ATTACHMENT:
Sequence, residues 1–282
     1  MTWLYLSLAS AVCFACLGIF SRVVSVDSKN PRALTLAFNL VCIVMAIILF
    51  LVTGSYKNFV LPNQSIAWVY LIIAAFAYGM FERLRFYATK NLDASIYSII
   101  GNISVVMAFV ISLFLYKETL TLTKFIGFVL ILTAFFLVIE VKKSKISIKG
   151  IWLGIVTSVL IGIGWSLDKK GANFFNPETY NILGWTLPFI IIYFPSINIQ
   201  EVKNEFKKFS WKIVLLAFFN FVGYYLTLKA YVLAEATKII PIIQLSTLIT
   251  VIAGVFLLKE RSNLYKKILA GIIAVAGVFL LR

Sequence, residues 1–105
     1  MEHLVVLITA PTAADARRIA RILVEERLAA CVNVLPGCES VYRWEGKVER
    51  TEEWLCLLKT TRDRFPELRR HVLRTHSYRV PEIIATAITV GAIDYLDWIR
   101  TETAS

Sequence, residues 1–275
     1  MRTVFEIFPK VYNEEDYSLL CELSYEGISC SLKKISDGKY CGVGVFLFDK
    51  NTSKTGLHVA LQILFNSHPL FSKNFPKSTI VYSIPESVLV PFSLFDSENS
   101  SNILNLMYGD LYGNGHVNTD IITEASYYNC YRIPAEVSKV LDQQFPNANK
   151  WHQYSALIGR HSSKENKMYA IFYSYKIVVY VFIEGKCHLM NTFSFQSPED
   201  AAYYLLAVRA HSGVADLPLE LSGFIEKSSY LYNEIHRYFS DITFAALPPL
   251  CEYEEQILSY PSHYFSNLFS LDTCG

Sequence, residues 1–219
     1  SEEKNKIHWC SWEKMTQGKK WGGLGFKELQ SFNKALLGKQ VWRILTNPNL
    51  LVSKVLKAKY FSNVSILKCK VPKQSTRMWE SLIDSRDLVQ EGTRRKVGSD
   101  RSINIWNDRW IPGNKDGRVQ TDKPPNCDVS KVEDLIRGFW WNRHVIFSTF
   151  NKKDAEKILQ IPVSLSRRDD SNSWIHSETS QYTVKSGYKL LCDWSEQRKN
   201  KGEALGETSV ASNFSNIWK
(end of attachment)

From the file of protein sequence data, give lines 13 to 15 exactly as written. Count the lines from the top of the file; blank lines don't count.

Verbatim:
     1  MRTVFEIFPK VYNEEDYSLL CELSYEGISC SLKKISDGKY CGVGVFLFDK
    51  NTSKTGLHVA LQILFNSHPL FSKNFPKSTI VYSIPESVLV PFSLFDSENS
   101  SNILNLMYGD LYGNGHVNTD IITEASYYNC YRIPAEVSKV LDQQFPNANK